Saturday, 29 June 2013

Meeting the Lord Chancellor

The Lord Chancellor - otherwise known as the Secretary of State for Justice Chris Grayling MP came to Castle Park on Friday to discuss with local solicitors his proposed reforms primarily directed to saving around 12% of the costs of the Justice system.

As you may know I am a solicitor.  Neither my personal practice, not that of my business any legal aid work - as such I am not directly affected by the proposed reforms although I do have views about the proposed changes.

I listened to the debate intently.  Several things impressed me.  First, whatever your views on the legal aid reforms Chris Grayling is very much on-top of his brief.  He struck me as someone who, with his department had seriously considered what was necessary to save significant sums of money and, where appropriate raise revenue streams.  He is conducting a root and branch review of all aspects of his department's expenditures, from the criminal and civil courts, from prisons to probation and to legal aid.

Second he seemed genuinely interested in having a proper debate.  He said he was in 'listening mode' and he spent most of the time with us listening to the views of solicitors, a barrister and a district judge.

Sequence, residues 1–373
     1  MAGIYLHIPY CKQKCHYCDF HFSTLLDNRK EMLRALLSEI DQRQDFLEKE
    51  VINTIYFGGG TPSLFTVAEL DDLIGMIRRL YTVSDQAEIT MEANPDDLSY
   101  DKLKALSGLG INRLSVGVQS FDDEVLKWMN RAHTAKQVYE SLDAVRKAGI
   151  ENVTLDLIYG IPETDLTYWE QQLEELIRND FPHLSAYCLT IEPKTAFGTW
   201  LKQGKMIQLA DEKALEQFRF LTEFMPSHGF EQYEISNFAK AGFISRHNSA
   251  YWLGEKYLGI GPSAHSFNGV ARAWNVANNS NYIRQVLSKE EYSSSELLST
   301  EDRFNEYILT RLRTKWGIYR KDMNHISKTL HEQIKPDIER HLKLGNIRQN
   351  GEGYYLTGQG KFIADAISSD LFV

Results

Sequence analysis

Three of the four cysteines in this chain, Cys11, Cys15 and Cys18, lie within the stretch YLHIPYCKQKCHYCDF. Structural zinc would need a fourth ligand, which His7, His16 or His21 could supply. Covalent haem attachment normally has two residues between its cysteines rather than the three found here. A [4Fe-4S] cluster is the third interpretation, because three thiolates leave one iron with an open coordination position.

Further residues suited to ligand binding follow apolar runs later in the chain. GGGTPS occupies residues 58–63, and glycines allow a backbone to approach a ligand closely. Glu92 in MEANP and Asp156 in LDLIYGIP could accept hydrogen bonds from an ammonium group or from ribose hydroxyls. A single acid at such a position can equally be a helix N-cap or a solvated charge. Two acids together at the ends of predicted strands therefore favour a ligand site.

He did listen, he debated and encouraged each lawyer present to make representations to him directly.

My legal colleagues raised serious concerns about reforms to civil and criminal legal aid and the knock on effects both on justice and the administration of justice.  Reforms to family law and family law representation were also raised.

I had a private chat with him later that day - I raised a number of issues with him - and I have been invited to correspond directly with him.  My concern is to ensure that solicitor's rights of audience which we have had since the 1970s to appear in the Crown Court on disposal (ie sentencing) hearings should be preserved.  The removal of this right increases costs and bureaucracy for a private paying defendant without necessarily improving the quality of representation.  Why hire a second lawyer - a barrister - when it isn't needed?

The representations made at such hearings are solely in front of a judge - and can, in my view, often be done very effectively by a specialist solicitor.  I have done it for years!

I have to say it was really impressive to have the Lord Chancellor come to Castle Park and spend time with us in a real debate.